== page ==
Keilar reviews long history of frivolous Trump lawsuits



By Daniel Dale

He keeps saying it. It is still wrong.

In a Wall Street Journal op-ed Thursday on his new lawsuits against Facebook, Twitter and YouTube, former President Donald Trump argued that it is “unconstitutional” for social media companies to prevent certain people from posting or posting. block specific types of declarations.

The editorial – which was published under Trump’s name but was written in much more legalistic and sober language than what Trump usually uses – claims that “big tech companies are being used to enforce illegal and unconstitutional government censorship. “. He states that “tech companies are making government offers, colluding to censor unapproved ideas” and that, “in fact, Big Tech has been illegally identified as the censorship arm of the US government.”

The editorial argues that social media companies took “directions” from government entities like the Centers for Disease Control and Prevention, and engaged in “coordination” with those entities, on what constituted misinformation from Covid-19 which should be censored. Thus, the editorial suggests, social media companies are seen as state actors subject to the requirements of the First Amendment.

Facts first: American courts have systematically rejected the argument that social media companies are state actors subject to the First Amendment, which protects people from government censorship. Social media companies and other companies are just not necessary to let everyone use their services or to express themselves freely. And there is no evidence that the government forced social media companies to make the decision to ban certain users or ban certain types of speech.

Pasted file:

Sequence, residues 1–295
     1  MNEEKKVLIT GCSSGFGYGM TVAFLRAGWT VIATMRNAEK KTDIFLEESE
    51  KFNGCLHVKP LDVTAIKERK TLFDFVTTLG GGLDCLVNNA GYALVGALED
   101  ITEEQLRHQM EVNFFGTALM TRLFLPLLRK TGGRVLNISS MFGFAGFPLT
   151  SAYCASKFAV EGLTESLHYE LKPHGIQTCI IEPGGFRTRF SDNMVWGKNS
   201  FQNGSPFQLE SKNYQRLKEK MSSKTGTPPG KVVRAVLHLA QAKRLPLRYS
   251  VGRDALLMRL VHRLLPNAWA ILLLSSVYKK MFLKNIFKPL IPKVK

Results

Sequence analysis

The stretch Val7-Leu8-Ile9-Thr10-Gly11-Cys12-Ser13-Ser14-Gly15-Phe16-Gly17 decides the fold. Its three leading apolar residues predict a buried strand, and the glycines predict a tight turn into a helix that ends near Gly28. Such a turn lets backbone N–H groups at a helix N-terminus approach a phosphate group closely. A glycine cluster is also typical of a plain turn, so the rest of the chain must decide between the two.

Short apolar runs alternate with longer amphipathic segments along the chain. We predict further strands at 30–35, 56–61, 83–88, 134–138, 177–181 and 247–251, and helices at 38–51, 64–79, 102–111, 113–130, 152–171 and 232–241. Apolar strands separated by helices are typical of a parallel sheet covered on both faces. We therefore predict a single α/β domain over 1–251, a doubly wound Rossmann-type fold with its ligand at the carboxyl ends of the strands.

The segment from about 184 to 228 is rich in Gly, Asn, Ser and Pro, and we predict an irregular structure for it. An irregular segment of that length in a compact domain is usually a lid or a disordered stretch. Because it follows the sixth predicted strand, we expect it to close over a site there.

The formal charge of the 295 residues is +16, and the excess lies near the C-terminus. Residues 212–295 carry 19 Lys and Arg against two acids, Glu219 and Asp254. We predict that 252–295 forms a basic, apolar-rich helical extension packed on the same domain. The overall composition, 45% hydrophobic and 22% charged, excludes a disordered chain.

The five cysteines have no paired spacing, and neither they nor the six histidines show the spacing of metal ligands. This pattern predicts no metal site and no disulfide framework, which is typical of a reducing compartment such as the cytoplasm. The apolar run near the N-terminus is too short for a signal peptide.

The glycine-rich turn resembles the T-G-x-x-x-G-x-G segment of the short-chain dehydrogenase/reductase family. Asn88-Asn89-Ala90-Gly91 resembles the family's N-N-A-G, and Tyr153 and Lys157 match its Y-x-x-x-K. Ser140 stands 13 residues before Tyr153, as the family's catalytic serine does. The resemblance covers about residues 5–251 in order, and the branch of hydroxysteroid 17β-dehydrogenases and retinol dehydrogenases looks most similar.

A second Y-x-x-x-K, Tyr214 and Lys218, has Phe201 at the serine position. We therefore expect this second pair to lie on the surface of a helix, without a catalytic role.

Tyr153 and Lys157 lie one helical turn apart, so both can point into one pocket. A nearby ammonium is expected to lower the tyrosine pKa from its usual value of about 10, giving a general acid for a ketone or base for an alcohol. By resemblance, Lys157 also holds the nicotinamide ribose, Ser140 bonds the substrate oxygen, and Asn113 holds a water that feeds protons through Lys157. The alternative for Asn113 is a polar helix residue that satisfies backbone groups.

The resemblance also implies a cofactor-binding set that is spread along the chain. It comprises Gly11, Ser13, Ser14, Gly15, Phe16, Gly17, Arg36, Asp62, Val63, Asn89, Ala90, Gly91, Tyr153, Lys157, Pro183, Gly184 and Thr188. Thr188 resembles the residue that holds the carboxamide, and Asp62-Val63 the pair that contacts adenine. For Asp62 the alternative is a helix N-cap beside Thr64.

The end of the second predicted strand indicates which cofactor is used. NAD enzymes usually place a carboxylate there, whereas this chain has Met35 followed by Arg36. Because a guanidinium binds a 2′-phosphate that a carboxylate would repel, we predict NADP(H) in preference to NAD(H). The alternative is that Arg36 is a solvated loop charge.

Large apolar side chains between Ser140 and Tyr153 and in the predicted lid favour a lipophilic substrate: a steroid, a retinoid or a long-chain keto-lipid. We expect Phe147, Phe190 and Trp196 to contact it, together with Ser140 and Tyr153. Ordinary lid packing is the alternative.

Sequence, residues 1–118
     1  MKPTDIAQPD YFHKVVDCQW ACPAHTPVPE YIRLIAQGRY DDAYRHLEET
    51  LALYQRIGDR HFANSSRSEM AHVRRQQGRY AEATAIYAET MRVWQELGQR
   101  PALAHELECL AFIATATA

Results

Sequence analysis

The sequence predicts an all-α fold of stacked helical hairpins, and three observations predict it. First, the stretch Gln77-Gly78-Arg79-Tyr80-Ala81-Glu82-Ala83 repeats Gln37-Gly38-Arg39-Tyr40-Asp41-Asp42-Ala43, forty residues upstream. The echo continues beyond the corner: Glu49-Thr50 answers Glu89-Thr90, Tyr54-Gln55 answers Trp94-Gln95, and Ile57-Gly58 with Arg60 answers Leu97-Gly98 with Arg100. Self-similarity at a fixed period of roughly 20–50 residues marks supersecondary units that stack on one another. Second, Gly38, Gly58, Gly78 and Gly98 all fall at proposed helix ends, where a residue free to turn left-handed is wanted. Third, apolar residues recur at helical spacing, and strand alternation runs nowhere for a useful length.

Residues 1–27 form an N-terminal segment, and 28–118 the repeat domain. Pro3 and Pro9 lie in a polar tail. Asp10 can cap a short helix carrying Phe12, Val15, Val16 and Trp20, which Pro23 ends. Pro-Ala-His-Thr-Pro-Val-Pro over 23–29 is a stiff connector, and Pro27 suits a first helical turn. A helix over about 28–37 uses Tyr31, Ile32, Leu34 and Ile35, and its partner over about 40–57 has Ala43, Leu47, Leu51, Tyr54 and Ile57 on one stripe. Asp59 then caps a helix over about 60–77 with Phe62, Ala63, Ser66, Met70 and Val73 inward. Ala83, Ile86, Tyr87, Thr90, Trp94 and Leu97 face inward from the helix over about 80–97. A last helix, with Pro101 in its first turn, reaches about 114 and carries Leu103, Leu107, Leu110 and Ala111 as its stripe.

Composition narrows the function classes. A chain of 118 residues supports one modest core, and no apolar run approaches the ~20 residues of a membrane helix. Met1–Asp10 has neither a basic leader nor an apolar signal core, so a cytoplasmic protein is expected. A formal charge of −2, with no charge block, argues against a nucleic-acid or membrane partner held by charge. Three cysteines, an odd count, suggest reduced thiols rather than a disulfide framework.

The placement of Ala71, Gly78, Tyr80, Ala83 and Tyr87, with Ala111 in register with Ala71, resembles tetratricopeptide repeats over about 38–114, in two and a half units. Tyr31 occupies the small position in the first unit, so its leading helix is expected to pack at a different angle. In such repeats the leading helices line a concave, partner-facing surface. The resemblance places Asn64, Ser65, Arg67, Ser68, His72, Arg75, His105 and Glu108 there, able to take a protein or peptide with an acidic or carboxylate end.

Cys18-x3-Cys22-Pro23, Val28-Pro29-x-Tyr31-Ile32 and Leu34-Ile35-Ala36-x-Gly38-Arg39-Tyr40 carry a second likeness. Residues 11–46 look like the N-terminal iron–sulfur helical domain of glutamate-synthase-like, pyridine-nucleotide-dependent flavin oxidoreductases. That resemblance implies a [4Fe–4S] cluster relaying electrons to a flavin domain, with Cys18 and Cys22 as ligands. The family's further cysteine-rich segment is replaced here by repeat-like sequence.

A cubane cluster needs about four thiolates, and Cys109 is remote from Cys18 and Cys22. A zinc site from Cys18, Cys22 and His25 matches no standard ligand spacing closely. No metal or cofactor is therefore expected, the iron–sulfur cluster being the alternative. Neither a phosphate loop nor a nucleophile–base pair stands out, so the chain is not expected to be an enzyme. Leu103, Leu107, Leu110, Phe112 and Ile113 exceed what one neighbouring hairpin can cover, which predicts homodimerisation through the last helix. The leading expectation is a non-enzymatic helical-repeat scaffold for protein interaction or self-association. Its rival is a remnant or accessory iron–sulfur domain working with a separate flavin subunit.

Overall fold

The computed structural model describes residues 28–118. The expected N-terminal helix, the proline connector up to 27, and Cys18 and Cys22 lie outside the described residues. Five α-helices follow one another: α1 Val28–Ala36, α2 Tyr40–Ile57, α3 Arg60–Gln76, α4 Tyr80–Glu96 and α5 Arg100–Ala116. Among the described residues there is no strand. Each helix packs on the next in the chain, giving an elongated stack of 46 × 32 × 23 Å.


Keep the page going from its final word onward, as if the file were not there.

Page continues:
We do not normally render a fact-check verdict on the merits of a dispute. It is the judges, not the journalists, who decide which legal arguments to use. But as legal experts have pointed out to numerous media outlets, Trump’s constitutional claims will certainly fail because judges have repeatedly rejected them.

In a 2019 opinion written by one of Trump’s appointees, Justice Brett Kavanaugh, the Supreme Court ruled that even a non-profit entity the New York government allowed to run its public access television channels was not considered a state actor.

Kavanaugh wrote that “the mere act of welcoming the speech of others is not a traditional and exclusive public function and does not on its own turn private entities into state actors subject to the constraints of the First Amendment”. Kavanaugh also wrote: “Providing some sort of forum for speaking out is not an activity that only government entities have traditionally performed. Consequently, a private entity which provides a forum for speaking is not transformed by this fact alone into a state actor.

Social media companies that host speeches, too, clearly do not perform a function that only government entities have traditionally performed.

Kavanaugh wrote that the court ruled that private entities may qualify as a state actor “in some limited circumstances” including “where the government compels the private entity to take a particular action” or “when the government acts jointly. with the private entity. “

Trump’s editorial suggests that social media companies were forced to act because Congress held hearings to ask their CEOs tough questions about their approaches to spreading fake news. But Congress has publicly questioned a wide variety of business leaders whose companies (from Big Tobacco to Big Pharma) have therefore not been turned into state actors. There is no sign that the government has actually forced Twitter, Facebook or YouTube to make the content decisions it has made.

Likewise, there is no evidence that the government was acting “in conjunction” with Twitter, Facebook or YouTube when companies decided in January to ban Trump from posting – Trump, of course, was the leader at the time. from the executive branch of government – or when the corporations decided to ban the other lesser-known citizens mentioned in the editorial.

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